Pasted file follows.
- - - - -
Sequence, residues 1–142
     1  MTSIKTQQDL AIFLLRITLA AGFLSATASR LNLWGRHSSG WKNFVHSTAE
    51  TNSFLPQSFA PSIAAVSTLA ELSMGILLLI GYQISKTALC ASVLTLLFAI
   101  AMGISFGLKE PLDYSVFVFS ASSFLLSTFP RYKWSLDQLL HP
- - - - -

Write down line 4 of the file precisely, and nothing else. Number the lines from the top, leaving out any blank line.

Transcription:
   101  AMGISFGLKE PLDYSVFVFS ASSFLLSTFP RYKWSLDQLL HP